And let me reiterate that I am very glad to see that we are stepping up cooperation in [other] key areas: research and innovation, where Moldova’s participation in the new Horizon Europe programme is excellent news. Let me reiterate that we are going ahead step by step.
Lastly, we discussed also the Eastern Partnership, where we have been welcoming your commitment and looking forward to continue cooperation in view of the Summit in December.
Madam Prime Minister, the European Union stands ready to support you, and to work closely with you and your government in order to improve the lives of Moldovan citizens and to bring Moldova closer to the EU.
Q. You mentioned the €60 million that Madam von der Leyen pledged yesterday. Is more in the pipeline? Because €60 million, when Moldova is negotiating billions of euros with Russia, is nothing. Is the European Union, is Brussels willing to offer more money to help Moldova meet its energy needs this winter?
Certainly, if the gas problem in Moldova could be solved by €60 million it would not be a problem. Certainly, we know that it is not going to solve the problem, but it is a first step, and we have to look for other kinds of solutions, not just financing the gap between current prices and the high prices that Gazprom is asking for. But do not dismiss it. ‘€60 million is nothing’, well, €60 million are €60 million. And they will be of much help in order to start building a system in order to protect the more vulnerable.
The solution, certainly, will not come from the European Union funding all the differences between the current prices and the prices that Gazprom is asking for. There are other solutions, which are more in a medium-term, like developing the diversification of Moldova’s energy mix, and on that we can provide resources and expertise, increase energy efficiency and improve energy security by diversifying supply sources. Moldova has already started doing that with this supply of gas coming from Poland. We will be acting in all fronts and using all the tools that we can use in order to support Moldova. Take this €60 million, which are grants, as a first step in order to provide, not only financial support, but also technical support in order to face this situation.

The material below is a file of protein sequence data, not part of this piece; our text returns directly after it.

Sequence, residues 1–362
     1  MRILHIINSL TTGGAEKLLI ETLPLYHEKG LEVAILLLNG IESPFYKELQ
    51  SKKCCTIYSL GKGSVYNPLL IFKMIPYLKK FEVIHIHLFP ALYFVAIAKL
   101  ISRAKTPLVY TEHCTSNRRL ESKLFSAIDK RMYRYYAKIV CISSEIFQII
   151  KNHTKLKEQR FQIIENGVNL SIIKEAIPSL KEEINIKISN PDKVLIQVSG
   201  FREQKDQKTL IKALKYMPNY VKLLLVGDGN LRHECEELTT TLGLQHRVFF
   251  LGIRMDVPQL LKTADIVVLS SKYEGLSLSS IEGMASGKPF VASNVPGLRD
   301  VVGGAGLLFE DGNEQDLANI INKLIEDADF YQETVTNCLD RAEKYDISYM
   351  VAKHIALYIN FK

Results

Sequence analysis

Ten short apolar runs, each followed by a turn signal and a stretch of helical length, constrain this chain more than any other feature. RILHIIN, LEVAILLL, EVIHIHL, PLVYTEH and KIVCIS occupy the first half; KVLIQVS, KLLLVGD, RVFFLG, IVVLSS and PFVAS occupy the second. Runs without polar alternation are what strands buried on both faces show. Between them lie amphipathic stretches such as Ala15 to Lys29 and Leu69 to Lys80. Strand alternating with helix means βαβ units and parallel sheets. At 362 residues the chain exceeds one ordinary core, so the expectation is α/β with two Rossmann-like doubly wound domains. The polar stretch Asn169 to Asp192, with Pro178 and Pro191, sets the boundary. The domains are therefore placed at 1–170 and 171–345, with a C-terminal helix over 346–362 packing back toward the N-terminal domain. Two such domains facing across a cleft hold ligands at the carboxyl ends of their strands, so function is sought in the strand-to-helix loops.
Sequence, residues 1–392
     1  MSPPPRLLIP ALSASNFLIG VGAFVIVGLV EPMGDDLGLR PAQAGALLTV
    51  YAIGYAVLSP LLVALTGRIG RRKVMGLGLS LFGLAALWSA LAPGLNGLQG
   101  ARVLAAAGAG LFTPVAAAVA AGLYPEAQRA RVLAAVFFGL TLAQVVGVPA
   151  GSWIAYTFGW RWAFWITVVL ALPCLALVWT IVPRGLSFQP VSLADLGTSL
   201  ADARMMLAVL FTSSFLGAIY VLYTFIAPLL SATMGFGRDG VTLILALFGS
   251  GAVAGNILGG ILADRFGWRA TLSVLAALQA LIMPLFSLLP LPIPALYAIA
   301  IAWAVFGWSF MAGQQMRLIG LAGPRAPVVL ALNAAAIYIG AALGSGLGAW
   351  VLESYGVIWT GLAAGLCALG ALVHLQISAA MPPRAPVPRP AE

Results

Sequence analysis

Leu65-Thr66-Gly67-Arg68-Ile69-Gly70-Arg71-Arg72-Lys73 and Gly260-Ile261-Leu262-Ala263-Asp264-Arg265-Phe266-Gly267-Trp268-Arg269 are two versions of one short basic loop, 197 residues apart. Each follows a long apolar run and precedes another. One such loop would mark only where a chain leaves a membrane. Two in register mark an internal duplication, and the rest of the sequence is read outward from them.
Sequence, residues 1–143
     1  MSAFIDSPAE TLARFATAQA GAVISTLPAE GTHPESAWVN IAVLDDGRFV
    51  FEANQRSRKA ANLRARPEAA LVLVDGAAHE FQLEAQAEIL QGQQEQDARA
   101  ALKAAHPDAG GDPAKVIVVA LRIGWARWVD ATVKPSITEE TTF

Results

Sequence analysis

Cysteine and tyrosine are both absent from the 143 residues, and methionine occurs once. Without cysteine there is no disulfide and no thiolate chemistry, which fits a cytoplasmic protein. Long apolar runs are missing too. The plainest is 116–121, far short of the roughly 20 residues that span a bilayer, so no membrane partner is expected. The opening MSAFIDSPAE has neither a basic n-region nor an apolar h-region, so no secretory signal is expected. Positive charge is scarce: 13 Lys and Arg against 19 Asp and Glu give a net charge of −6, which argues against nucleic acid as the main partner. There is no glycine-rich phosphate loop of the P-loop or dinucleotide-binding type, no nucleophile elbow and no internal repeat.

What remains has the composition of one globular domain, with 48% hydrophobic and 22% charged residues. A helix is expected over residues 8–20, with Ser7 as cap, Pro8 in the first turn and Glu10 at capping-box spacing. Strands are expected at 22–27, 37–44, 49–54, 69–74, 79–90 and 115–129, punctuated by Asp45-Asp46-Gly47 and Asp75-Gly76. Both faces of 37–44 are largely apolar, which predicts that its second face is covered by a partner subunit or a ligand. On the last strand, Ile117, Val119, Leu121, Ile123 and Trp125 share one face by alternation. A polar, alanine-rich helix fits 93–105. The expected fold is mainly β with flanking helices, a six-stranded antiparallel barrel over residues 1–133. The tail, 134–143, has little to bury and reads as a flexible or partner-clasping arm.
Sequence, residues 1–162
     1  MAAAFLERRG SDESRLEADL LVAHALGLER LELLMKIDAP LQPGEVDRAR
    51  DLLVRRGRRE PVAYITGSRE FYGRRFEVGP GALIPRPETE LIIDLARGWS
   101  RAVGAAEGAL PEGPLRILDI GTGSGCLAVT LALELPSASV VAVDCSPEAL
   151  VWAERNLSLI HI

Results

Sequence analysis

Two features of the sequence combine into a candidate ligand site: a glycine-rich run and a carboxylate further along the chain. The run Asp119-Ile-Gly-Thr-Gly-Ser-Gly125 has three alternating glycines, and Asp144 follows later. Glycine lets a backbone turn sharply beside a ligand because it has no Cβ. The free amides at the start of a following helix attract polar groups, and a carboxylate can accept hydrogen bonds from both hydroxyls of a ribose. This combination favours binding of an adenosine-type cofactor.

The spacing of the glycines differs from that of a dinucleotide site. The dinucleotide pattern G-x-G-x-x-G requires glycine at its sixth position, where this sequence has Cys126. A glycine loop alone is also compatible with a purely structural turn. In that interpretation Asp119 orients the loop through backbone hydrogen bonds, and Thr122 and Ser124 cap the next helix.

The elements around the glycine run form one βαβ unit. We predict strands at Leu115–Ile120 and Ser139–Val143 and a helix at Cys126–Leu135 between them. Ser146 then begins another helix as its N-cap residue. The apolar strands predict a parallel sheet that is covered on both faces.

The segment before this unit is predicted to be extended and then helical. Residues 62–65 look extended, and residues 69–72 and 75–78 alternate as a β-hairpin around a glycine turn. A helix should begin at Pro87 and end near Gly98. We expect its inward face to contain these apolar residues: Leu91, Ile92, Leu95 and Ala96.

Q. Can you tell me directly, is the European Union strongly advising Moldova not to sign any additional gas supply deals with Gazprom? Will it be disappointed if Moldova did in the end sign a deal for additional gas from Russia? As a second question, obviously this is all happening while European Union countries themselves are worried about gas supplies this winter. Do you have promises from European Union Member States that they will make gas available to Moldova? And might they do that at a discount?
Well, certainly I will not tell my Moldovan friends and government what they have to do. It is a sovereign state, and they are very much master of their decisions according to their interests, values and capacities. So, if they have the possibility of bargaining and having a pragmatic approach and getting better conditions from Gazprom, it is not a matter for us to forbid it.
Certainly, the gas issue is not just a Moldovan issue, but in the case of Moldova it has political characteristics that have to be very much taken into account. I said ‘weaponisation of the gas supply’. And if price increases, not in Europe, but in the whole world, it is not, in general terms, a consequence of a weaponisation of the gas supplies. In the case of Moldova, yes, it is. And it is a sharp increase, which was related to some political problems. And this required support from our side, because this is what our Association Agreement means, that is what a partner does. We cannot compare the conditions in which this gas shortage has been produced in Moldova with the gas price increases that we are suffering - all of us, as consumers and producers - around the world.
But be sure that this money is not going to go to the Gazprom pocket, it is going to go to the most vulnerable Moldovan people. And not only through this way, but through other ways, we will try to give our support in order to face what can be considered - as I said – as a weaponisation of the gas supplies. And this is something which we have to be strongly against
Link to the video: https://audiovisual.ec.europa.eu/en/video/I-213003